You’ve probably seen this week’s featured UNESCO World Heritage Site in numerous nature shows. The Serengeti National Park is one of the most famous national parks not only in Tanzania, but in all of Africa. You know all of those “Trials of Life” type specials that show wildebeests, antelopes and zebras as they migrate in search of water? Yup, that happens here.
The “Great Migration” happens twice a year, in October and then again in April. More than 2 million animals participate, and herds of wildebeests, eland, gazelles and zebra literally fill the horizon. Naturally, lions and other predators fallow the herds, looking for stragglers. It’s an amazing, unforgettable event.
Of course, even if you aren’t there for the Great Migration, there’s still plenty of wildlife to see in the Serengeti National Park. The park is home to around 3,000 lions, a population which is believed to the largest in all of Africa. There are also about 1,000 leopards, a small but recovering population of African elephant and many African buffalo. Plus, the park is home to a precious few black rhinos, survivors of decades of poaching. And of course, there are countless antelopes, zebras, wildebeest, hyenas and other animals.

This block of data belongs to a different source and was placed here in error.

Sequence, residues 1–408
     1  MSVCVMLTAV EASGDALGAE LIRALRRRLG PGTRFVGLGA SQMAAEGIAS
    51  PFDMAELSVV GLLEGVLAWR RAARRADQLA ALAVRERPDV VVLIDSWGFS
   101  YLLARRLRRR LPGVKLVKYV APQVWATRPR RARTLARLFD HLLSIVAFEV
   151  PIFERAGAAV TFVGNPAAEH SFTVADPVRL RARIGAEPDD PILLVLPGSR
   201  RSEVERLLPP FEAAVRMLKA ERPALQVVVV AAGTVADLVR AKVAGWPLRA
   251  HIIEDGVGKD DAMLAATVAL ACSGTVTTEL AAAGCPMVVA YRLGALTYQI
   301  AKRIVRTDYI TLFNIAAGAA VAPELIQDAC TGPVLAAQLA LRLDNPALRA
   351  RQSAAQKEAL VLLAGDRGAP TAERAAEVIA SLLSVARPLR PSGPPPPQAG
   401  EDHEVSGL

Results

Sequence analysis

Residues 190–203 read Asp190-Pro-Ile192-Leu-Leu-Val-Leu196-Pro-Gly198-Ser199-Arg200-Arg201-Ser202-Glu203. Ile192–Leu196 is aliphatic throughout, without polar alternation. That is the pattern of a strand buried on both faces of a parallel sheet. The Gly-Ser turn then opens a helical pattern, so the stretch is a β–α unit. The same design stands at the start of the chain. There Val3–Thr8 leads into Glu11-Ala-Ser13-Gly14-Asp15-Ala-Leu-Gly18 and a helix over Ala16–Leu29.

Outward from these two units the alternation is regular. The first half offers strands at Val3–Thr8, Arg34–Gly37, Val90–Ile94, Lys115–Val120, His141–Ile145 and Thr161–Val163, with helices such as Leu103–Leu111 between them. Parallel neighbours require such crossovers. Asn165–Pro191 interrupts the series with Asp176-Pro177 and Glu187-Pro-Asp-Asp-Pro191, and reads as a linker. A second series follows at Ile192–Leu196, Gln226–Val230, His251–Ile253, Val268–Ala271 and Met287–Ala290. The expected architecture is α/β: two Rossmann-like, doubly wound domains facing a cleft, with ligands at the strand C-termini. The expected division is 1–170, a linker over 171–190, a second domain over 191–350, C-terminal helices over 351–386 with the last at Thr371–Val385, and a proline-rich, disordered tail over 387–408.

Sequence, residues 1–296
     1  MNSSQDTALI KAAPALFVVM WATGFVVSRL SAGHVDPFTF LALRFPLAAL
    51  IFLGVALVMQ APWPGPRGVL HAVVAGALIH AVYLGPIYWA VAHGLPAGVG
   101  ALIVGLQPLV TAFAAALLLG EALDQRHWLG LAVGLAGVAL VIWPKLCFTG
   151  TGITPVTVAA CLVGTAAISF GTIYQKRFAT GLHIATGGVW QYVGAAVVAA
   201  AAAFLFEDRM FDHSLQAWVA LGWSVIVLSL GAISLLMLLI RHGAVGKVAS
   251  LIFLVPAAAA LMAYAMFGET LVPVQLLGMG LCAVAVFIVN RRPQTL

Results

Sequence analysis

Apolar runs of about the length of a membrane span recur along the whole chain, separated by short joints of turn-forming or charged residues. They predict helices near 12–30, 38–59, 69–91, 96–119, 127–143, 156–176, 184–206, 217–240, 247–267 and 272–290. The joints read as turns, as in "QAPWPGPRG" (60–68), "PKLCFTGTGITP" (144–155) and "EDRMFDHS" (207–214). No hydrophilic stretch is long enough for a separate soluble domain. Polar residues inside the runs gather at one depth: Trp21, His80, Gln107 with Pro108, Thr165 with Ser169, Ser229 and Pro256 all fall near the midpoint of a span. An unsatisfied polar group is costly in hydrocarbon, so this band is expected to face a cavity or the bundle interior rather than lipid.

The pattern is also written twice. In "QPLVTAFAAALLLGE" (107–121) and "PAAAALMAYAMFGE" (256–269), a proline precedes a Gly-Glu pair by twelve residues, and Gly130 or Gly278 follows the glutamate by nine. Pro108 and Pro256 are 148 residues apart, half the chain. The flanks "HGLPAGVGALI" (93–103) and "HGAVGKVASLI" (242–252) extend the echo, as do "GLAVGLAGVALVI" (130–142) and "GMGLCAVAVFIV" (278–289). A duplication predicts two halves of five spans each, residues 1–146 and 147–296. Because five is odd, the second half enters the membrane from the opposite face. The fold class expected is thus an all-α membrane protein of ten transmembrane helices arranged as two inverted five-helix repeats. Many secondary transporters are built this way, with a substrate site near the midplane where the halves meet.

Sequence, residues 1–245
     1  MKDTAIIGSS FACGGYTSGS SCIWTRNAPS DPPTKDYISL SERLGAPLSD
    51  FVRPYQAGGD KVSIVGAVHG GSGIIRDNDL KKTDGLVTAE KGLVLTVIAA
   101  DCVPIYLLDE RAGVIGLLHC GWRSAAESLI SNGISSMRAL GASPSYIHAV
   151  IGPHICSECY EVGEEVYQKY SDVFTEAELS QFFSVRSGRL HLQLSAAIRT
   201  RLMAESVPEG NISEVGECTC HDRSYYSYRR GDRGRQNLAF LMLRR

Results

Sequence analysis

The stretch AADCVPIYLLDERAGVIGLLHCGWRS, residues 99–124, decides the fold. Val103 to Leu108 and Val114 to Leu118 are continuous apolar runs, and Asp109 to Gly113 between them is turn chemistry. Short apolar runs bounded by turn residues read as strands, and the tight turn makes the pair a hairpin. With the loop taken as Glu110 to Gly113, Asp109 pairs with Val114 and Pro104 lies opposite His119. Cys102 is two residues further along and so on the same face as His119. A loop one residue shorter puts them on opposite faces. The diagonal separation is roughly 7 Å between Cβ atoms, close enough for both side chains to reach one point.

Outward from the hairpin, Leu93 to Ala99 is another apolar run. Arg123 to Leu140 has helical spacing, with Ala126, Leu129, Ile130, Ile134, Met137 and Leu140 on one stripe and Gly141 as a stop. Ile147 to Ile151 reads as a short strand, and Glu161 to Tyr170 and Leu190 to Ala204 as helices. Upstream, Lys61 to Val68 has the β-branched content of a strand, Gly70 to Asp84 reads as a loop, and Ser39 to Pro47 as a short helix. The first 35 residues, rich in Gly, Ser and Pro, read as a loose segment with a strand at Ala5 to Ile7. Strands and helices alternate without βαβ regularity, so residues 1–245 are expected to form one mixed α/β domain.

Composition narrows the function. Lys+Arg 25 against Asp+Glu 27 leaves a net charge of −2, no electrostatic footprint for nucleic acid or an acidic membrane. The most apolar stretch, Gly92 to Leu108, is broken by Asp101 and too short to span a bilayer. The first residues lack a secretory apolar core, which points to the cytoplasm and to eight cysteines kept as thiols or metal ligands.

The Serengeti National Park became a UNESCO World Heritage site in 1981. Even at 5,700 square miles, the park only encompasses a small fragment of the Serengeti ecosystem. For a more complete experience, you could also visit Ngorongoro Conservation Unit, also in Tanzania, and Maasai Mara National Reserve in Kenya.
Tanzanian Visa Requirements
To visit Tanzania, US citizens need a valid passport and a Tanzanian visa. While Tanzania does issue visas on arrival, the State Department recommends you apply ahead of time as the wait for one can be almost interminable.
To learn more about getting a Tanzanian visa to visit the Serengeti, see Tanzanian Visa Requirements for Tourists.
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